College was a feeble attempt by me to get into the computer industry. Upon trying the programming classes I soon gave up because it was over my head. I had better things to do. I had a new boyfriend that I soon became engaged to and married and had four wonderful children with. Life was busy. My little angels inspired me to stick with my love for papercrafting and scrapbook their lives. Naturally if you are addicted to scrapbooking you find yourself taking pictures more often because you need them to play with. So I found myself back into the art of photography full force.

Twelve years later and I finally decided to do something with this love of mine and I enrolled in the photography program at the Academy of Art University, San Francisco. Needless to say it made my dad happy that I am finally learning how to use a camera. Photography is the perfect release for me because it incorporates my love for color, texture, paper, and the beautiful fallen world that we inhabit. It is my goal to learn to do it skillfully and creatively.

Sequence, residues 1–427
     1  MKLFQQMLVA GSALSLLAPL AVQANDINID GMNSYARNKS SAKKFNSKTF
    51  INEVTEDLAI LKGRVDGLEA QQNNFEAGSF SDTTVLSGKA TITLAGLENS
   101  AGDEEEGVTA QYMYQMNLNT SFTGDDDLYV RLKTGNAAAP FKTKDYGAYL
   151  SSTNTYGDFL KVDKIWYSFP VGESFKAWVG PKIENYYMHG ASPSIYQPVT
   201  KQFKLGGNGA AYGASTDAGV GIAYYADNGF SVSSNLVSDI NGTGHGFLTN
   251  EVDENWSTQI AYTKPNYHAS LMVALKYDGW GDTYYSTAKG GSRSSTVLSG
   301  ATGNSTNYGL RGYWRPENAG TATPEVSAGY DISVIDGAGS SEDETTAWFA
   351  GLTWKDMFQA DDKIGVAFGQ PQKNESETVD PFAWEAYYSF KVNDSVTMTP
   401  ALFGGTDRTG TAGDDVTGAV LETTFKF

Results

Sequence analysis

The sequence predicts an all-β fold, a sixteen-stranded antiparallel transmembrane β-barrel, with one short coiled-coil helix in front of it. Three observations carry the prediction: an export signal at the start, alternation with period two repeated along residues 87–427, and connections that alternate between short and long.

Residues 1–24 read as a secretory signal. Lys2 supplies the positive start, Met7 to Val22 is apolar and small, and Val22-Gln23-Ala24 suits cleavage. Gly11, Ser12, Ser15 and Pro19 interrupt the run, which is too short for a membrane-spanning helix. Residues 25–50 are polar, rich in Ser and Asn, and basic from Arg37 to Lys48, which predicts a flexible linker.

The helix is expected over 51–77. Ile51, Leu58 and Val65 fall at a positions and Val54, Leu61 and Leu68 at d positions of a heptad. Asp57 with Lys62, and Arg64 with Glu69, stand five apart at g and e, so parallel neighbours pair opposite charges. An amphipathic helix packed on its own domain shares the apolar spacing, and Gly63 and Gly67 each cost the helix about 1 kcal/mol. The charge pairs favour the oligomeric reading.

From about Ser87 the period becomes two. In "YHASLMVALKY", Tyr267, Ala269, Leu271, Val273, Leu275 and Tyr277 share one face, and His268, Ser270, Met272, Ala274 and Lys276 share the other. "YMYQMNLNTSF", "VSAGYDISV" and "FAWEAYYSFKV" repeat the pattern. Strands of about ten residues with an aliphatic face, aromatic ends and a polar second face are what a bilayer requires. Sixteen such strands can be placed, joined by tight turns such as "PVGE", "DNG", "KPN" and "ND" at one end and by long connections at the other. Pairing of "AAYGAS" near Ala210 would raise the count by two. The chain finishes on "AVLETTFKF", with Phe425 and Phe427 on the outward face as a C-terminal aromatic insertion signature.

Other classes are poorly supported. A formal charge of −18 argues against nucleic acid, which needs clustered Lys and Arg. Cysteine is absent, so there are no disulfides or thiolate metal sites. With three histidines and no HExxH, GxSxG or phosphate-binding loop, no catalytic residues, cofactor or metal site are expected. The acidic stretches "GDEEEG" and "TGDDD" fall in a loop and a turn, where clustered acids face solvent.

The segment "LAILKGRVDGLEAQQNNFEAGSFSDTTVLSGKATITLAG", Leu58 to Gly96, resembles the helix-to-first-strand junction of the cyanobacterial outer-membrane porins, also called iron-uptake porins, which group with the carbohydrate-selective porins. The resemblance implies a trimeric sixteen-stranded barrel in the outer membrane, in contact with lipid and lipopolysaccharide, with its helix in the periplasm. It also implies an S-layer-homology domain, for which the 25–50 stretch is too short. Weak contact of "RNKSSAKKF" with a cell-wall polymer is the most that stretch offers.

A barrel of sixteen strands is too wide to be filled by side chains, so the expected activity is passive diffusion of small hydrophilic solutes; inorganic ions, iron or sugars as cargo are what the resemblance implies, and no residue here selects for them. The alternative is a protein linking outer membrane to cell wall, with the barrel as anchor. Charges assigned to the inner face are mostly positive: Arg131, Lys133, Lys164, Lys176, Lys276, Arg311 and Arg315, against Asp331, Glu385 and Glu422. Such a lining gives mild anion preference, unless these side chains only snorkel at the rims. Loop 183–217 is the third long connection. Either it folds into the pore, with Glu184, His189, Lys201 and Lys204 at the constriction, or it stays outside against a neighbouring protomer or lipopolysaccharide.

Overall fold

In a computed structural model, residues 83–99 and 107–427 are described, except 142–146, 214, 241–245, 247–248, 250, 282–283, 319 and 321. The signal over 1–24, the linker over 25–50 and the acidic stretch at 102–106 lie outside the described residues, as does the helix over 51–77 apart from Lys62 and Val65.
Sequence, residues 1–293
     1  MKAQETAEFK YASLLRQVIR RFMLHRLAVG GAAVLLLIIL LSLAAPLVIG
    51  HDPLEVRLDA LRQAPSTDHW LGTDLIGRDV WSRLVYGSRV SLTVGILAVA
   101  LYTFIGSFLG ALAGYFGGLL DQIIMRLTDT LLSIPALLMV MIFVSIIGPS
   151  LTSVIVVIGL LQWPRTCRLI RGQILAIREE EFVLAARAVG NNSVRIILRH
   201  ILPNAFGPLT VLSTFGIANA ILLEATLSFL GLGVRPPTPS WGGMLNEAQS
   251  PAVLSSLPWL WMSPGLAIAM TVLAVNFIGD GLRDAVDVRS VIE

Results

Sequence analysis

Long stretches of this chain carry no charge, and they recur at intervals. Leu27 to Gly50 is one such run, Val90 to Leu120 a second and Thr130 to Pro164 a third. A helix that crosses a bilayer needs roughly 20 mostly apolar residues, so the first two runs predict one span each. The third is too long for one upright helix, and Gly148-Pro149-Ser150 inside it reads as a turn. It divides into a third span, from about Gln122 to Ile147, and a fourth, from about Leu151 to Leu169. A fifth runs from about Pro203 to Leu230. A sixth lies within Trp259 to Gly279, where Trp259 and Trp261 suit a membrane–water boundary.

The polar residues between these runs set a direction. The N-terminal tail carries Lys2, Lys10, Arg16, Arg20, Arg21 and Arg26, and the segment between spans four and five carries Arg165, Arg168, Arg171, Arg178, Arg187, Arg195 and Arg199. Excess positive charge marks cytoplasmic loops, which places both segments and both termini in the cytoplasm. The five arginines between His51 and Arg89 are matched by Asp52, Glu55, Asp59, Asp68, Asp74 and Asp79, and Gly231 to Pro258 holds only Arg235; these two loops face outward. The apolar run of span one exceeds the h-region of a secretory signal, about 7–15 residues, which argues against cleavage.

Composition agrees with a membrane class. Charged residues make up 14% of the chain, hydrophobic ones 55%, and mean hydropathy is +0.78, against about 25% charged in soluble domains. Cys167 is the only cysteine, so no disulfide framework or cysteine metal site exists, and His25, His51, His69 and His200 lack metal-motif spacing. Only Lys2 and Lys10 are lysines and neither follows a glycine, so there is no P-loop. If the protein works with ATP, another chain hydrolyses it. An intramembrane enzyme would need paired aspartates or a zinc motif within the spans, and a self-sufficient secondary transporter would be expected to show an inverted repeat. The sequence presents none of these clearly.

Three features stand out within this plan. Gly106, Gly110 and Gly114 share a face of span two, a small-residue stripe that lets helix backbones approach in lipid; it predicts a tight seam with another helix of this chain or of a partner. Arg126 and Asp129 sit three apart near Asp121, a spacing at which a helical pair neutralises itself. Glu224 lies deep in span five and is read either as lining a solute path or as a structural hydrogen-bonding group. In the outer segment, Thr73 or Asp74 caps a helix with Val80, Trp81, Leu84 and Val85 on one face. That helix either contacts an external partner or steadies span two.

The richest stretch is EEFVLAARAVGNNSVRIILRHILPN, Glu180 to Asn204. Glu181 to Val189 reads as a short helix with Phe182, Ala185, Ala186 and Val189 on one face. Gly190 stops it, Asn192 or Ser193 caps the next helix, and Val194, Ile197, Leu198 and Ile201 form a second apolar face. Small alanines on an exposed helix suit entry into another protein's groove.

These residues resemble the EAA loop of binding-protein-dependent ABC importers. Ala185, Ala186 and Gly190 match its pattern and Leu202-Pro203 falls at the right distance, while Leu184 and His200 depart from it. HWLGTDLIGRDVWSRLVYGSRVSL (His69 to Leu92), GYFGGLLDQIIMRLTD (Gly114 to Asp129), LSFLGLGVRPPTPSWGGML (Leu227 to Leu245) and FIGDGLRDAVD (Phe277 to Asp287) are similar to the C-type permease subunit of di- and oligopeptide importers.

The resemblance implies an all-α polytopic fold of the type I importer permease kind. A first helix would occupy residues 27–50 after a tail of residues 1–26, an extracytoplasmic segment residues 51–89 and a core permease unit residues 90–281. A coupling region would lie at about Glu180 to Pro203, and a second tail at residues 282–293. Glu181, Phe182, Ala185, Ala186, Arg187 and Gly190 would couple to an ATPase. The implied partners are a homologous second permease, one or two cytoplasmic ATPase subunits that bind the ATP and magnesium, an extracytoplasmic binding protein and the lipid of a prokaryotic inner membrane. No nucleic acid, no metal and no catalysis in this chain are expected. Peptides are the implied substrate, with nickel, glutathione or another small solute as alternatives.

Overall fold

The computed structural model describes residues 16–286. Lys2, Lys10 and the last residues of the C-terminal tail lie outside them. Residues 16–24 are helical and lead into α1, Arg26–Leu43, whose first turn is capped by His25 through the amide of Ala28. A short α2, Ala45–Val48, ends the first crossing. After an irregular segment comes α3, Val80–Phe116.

5 comments:

Lily said...

how illuminating. Looks like we have alot in common,depressed mother, early interest in art.

FASHION OF YOUR WORLD said...

hi
hello
how was your day?
i liked your blog
you are fantastic!!!

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bye
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see you

creativelyouttacontrol said...

Auntie Velma had some "tears" while reading this. This is a wonderful bio.

hf52771 said...

Very interesting.....amazing how many of us have similar stories...

I also want to thank you for the great stamps I got in the mail today. I can't wait to put them to good use! Thanks for the fun tutorials.
~Heather

:: gingerkitty :: said...

how are you doing?